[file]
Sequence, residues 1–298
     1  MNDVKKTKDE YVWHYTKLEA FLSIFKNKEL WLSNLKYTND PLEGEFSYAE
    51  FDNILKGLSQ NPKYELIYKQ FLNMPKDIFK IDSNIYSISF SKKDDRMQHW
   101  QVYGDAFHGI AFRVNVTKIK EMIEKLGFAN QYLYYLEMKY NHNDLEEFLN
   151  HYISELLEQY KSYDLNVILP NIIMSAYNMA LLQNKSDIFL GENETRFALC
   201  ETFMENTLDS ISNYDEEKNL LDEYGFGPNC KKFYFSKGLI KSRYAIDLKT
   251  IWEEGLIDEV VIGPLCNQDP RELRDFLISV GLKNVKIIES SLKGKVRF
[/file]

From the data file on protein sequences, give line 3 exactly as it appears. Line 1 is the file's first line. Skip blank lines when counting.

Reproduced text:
    51  FDNILKGLSQ NPKYELIYKQ FLNMPKDIFK IDSNIYSISF SKKDDRMQHW